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Making the Most of Your Personal & Professional Life

We all want to hire people who are good at what they do, but how do we make sure we’re allowing our team members to play to their unique strengths? This is a question that Carrie Fabris has helped many leaders answer as a coach and a speaker, and in this episode, she’s going to share her insight with our listeners. 

Anyone who listens to this episode should gain a better understanding of what it means to leverage your strengths in your personal and professional life while also equipping others to do the same.


Here are some takeaways she shared:


1. Many leaders struggle to help their people play to their strengths.

Leaders are often too busy focusing on results versus on the human who’s driving those results. They’re focused on driving the success of the business versus the engagement of the business. 

And effective leaders focus on both — driving results through happy, engaged people.

Leaders need to understand and leverage their employees' natural talents, which can be identified using tools like Gallup’s CliftonStrengths assessment. When you understand a person's strengths along with what inspires and motivates them, you will know how to communicate with them.

2. The percentage of people actively disengaged is at the highest it's been in over a decade.

A lot of organizations became disconnected during COVID because everyone went remote without preparation. The burnout that came with the great resignation was not about compensation; it was about purpose. You have to know your employees to know how to avoid burnout.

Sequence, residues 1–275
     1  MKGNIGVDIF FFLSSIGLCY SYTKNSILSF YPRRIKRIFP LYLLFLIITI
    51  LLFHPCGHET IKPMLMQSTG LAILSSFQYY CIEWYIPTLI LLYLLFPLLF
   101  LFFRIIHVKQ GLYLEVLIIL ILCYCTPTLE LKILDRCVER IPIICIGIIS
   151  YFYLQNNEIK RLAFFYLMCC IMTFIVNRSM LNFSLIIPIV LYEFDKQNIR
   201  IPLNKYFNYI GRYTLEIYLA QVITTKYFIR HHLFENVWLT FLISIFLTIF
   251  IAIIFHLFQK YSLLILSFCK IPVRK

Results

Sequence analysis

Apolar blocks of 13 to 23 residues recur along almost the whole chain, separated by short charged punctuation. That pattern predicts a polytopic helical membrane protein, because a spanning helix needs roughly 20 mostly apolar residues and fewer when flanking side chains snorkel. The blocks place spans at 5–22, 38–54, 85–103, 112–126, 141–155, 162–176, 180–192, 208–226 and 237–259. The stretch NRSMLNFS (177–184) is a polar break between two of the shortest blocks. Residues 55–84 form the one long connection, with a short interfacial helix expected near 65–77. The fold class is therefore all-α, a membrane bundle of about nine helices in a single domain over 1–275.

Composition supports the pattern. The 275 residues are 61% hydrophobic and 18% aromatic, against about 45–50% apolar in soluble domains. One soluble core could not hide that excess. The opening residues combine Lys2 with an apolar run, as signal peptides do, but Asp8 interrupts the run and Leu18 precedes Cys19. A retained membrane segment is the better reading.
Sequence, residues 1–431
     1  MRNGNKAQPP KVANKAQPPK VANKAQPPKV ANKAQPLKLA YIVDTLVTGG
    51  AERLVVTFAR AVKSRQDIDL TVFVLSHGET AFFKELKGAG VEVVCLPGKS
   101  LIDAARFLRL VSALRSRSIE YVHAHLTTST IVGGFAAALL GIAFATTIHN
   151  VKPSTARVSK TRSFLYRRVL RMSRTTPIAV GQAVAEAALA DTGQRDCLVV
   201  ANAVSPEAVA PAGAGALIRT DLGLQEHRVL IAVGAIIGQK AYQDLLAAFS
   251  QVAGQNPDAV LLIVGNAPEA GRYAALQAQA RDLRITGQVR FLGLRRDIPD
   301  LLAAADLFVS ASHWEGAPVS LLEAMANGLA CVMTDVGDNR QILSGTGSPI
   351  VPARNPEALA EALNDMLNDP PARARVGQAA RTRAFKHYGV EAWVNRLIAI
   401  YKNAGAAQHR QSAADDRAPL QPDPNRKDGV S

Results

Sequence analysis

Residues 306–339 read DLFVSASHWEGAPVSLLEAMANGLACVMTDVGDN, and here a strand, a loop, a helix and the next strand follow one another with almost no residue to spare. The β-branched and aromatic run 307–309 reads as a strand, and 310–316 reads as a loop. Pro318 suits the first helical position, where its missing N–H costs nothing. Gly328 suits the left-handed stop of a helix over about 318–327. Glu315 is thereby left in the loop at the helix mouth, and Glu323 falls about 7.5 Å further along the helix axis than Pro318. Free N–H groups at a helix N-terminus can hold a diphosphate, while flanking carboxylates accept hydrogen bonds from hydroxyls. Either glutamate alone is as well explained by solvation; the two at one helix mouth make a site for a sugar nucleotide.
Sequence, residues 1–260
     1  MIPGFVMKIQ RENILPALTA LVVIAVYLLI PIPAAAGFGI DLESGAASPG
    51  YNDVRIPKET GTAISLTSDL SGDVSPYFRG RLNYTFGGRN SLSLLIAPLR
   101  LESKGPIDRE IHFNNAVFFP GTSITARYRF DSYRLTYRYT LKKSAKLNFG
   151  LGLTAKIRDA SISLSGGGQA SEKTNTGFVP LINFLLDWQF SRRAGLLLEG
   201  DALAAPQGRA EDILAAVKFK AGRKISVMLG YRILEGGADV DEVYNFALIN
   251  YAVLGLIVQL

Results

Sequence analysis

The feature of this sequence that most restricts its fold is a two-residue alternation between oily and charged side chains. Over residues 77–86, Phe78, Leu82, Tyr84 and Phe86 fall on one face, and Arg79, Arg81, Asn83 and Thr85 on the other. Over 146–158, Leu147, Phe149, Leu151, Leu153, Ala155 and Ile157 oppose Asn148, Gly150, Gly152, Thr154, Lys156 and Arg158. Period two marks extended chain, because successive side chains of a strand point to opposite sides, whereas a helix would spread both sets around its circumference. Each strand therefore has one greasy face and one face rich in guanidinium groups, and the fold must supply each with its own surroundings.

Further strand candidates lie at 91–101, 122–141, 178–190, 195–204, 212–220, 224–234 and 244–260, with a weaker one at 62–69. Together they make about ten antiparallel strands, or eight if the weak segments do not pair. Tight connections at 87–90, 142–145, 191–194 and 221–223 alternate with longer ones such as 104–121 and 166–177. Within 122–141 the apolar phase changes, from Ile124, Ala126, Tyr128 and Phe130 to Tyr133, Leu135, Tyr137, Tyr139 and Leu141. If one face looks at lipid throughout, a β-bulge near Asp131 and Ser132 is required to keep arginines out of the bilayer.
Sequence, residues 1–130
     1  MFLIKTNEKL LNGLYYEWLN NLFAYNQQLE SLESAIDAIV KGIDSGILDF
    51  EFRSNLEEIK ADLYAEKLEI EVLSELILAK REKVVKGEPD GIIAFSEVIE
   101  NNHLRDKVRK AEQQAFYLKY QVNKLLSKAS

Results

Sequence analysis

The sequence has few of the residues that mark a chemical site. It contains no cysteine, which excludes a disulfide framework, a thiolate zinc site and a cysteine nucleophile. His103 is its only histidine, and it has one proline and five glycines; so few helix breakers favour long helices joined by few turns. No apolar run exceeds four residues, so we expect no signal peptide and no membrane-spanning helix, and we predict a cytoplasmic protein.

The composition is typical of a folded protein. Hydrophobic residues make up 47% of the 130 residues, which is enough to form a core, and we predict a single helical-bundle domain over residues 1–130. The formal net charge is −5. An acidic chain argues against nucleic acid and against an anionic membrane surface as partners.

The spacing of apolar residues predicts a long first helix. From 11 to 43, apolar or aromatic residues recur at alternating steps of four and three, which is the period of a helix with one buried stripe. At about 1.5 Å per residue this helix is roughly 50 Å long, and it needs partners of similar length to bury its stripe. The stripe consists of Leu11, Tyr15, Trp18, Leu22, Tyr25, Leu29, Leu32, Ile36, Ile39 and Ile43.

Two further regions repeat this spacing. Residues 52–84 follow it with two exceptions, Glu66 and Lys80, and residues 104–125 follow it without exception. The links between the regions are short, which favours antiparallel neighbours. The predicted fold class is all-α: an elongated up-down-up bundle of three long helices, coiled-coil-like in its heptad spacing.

For instance, an achiever just wants to mark things off their to-do list and get things done. If someone, something, or some process is in their way and they can’t mark that thing off, they will be frustrated. Keeping great talent happy and working in their zone of strength is important to your overall organizational health.

Consider using a tool such as CliftonStrengths. When a leader chooses to unlock someone's strengths in a Gallup assessment, for example, they're given a step-by-step roadmap on how to communicate and engage someone effectively and productively.

3. Leverage your strengths at home.

Playing to your strengths doesn’t start and end at work. When you have an awareness of your strengths, you’re able to succeed no matter the environment.

Thinking about yourself isn’t always selfish. In fact, taking the time to know yourself and understand why you do the things you do will benefit way more than just you. I'm talking about being unapologetic about self-care so that others don’t have to take care of you in the future.


The effectiveness of a leader is not solely measured by the results they achieve but also by their ability to understand and nurture the strengths of their team members. 

By focusing on the individual talents and natural abilities of employees, leaders can create a more engaged, productive, and satisfied workforce. Tools like Gallup’s CliftonStrengths assessment provide valuable insights that can help leaders identify and leverage these strengths. 

A balanced approach that values both results and people will lead to a healthier, more dynamic organization where employees can thrive and excel. Investing time and effort in understanding and developing your team's strengths is not just beneficial—it's essential for sustainable success.

Lastly, don’t miss Carrie talking about what it’s like for leaders to go all in on experiencing life in the bonus next episode.